Jessie Jack Hooper, a suffragist, was president of the Wisconsin League of Women Voters and also ran for the U.S. Senate in 1922.
Hooper was born on a farm in Iowa, but lived most of her life in Oshkosh. A local leader in school reform and public health, she joined the women's suffrage movement in the 1910s and dedicated her life to the movement as a speaker, a Democratic Party leader, and an advocate for peace.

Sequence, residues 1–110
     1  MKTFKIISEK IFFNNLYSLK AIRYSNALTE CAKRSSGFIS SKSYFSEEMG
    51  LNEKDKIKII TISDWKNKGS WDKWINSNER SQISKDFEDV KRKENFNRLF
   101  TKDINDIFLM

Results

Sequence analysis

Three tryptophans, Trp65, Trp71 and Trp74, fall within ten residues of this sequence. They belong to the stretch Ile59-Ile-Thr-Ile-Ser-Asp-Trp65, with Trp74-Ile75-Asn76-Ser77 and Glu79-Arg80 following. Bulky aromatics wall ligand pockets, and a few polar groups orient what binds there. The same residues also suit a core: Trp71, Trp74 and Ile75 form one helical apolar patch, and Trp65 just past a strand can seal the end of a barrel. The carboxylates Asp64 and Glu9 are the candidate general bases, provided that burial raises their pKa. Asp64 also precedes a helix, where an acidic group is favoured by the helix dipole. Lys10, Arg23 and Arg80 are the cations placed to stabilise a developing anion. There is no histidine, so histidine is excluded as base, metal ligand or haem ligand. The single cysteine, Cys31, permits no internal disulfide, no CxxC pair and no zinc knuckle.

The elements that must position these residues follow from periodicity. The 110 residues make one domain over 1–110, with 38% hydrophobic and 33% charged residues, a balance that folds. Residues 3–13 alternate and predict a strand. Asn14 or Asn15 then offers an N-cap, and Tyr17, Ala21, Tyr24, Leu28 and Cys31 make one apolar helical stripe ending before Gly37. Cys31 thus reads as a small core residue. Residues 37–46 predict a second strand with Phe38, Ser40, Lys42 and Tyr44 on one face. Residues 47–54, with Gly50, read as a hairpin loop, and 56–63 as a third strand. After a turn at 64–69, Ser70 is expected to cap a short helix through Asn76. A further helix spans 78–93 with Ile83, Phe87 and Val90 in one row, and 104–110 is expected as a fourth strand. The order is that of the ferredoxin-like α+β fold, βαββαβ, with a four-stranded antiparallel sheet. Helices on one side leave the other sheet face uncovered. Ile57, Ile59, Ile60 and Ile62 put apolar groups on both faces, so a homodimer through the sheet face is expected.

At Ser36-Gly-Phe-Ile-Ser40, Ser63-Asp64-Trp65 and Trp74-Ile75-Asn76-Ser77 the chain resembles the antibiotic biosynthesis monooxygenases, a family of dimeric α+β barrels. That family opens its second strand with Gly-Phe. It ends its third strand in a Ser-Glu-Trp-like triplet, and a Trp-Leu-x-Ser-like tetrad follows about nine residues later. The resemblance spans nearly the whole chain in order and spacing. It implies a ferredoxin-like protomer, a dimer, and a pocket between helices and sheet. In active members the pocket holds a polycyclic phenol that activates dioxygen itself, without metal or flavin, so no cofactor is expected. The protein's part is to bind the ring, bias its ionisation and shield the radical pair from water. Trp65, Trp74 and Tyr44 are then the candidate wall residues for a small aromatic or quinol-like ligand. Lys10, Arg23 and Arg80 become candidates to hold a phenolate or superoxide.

After the passage of the 19th Amendment, which gave U.S. women the right to vote, Hooper became the first president of the Wisconsin League of Women Voters and led the organization's lobbying efforts. In 1922, she was selected by the Democratic Party of Wisconsin to run as their candidate for the U.S. Senate against popular incumbent Robert La Follette, Sr. Although she was defeated, she won a remarkable 16 percent of the vote. Hooper chaired the League's Indian Affairs Committee and was an advocate for Native Americans and for the Menominee Tribe in particular. She was also a member of the League's Committee for International Cooperation to Prevent War, which advocated for world peace. In 1932, Hooper traveled to the World Disarmament Conference in Geneva, Switzerland, to present a petition, signed by a million Americans, calling for the reduction of deadly weapons after World War I. She continued the campaign for world peace until she was diagnosed with cancer in 1934.